Learner Profile: Gugu
Gugu is a nine year old girl who studies in EwB’s after-school program. She got involved with EwB because she was struggling in Mathematics and could not read or write properly in her second language, English.
VSAFF: March 23-25, 2018
On March 23-25, 2018 the Vancouver South African Film Festival will present features and documentaries that explore the culture, history and politics of South Africa – films that entertain and inform.
All proceeds from the festival support Education without Borders.
Introducing EwB’s New Logo
We are proud to announce the launch of our new logo as part of the ongoing evolution of EwB.
The change in our branding reflects who we are now, and the exciting places we are headed.
Why South Africa
Education without Borders has focused its first efforts in South African township schools because problems are significant, including:
- Impoverished and overcrowded townships where crime and violence are rife;
- Hopelessly overcrowded classes with approximately 40 children per classroom;
- A significantly high drop-out rate between Grades 11 (445 students) and 12 (100 students), meaning many students do not complete their schooling. Reasons for dropping out include students’ need to earn a living and support their families;
- A lack of jobs (60% unemployment) which means many formerly good students are forced to turn to drugs and/or crime;
- Inadequate technical aids and resources for teachers;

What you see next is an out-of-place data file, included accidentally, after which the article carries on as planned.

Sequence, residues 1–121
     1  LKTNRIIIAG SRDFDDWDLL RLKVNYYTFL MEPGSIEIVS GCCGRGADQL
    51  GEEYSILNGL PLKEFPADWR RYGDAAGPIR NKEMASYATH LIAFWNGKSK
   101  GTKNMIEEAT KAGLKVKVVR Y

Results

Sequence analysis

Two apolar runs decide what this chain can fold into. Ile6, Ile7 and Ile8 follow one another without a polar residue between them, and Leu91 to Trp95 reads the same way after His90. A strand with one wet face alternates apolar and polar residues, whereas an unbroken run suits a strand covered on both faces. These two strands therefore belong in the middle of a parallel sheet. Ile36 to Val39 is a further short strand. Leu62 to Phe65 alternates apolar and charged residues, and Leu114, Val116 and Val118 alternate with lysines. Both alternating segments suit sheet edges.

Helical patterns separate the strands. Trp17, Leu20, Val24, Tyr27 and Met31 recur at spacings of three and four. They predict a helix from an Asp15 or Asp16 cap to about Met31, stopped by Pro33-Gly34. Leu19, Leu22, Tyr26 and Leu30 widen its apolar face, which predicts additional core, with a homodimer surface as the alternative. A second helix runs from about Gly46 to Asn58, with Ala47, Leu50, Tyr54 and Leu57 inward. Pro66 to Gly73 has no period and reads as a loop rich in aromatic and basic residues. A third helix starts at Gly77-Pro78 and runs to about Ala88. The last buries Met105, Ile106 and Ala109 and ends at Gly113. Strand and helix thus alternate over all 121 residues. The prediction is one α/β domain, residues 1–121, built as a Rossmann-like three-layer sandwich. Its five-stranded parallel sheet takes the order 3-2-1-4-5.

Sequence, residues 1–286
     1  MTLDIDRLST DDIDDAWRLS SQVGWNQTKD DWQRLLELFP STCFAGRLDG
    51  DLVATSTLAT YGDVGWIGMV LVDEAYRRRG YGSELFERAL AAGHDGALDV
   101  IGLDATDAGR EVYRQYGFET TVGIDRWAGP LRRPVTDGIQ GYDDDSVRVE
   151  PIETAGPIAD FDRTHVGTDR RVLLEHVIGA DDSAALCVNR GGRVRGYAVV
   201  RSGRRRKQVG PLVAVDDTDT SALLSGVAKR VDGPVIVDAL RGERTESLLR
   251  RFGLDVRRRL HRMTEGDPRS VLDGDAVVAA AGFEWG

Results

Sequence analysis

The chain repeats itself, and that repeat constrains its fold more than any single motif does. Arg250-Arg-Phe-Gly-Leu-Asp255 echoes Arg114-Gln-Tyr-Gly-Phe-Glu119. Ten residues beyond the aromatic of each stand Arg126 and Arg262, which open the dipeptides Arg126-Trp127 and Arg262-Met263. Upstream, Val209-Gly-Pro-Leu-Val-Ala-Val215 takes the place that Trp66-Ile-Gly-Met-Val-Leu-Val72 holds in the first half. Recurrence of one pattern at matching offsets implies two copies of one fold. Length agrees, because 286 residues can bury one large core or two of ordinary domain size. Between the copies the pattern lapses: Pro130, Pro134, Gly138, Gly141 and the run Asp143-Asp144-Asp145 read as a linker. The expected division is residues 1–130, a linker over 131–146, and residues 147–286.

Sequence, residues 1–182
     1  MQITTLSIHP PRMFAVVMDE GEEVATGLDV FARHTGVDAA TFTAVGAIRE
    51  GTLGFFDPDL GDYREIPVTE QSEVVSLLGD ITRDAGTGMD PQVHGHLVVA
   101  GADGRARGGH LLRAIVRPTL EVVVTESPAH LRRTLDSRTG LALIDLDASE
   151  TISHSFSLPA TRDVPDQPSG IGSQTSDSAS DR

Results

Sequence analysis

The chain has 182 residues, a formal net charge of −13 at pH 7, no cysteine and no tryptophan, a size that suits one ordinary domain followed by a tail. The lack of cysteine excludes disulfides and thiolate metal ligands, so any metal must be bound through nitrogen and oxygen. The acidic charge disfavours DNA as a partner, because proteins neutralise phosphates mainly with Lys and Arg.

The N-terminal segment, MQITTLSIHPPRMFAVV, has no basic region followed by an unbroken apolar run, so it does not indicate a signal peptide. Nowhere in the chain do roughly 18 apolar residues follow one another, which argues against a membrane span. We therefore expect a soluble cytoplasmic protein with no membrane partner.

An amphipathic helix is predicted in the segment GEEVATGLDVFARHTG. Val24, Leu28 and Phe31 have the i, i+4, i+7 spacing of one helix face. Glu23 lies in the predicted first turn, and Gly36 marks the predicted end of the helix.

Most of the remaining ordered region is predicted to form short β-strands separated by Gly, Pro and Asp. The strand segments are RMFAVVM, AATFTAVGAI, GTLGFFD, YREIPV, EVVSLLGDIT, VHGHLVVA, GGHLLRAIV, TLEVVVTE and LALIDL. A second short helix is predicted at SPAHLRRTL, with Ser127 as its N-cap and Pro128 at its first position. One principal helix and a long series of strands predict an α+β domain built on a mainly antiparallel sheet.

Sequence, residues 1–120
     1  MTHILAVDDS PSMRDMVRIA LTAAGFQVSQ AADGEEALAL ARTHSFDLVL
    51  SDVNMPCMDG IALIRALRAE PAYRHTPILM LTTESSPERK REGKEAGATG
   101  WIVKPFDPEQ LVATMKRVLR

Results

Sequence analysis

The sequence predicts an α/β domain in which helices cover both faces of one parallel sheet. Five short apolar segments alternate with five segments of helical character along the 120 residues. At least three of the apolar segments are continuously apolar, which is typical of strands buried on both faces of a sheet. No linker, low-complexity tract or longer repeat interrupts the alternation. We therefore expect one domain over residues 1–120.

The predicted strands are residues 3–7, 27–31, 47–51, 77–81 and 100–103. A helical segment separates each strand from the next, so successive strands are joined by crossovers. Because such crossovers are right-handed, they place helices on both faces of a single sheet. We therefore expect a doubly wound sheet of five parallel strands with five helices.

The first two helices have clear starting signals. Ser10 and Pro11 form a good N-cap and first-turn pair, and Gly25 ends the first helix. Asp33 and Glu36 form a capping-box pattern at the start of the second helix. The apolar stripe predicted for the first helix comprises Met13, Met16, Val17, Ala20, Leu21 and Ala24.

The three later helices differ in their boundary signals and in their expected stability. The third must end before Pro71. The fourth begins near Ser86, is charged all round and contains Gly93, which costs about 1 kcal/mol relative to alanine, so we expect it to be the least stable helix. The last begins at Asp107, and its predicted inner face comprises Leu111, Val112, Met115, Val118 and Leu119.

- Black schools exist in an education system that for years excluded them. During the apartheid era, very few blacks had the opportunity to graduate from high school. Some of the teachers in township schools are still suffering from the effects of this discrimination.
Focus on Canada
In 2015/16, EwB applied its experience in townships schools in South Africa to the Canadian context. Education without Borders now serves Indigenous children and their communities in British Columbia.
EwB and AnxietyBC partnered with the Alternate School Programs in Chilliwack, British Columbia to strengthen knowledge and capacity among students / parents / caregivers and educators about the management of anxiety and anxiety disorders. The goal is to build resilient minds and improve student learning. A large percentage of students in the programs are of Indigenous heritage, from the Sto:lo Nation (also known as Shxwetetilthet).
In 2015/16, EwB also provided financial support to Dogwood 25. The organization provides culturally responsive mentorship opportunities for indigenous students in elementary, high school and post-secondary schools, using an evidence-based model of peer mentorship that supports academic success.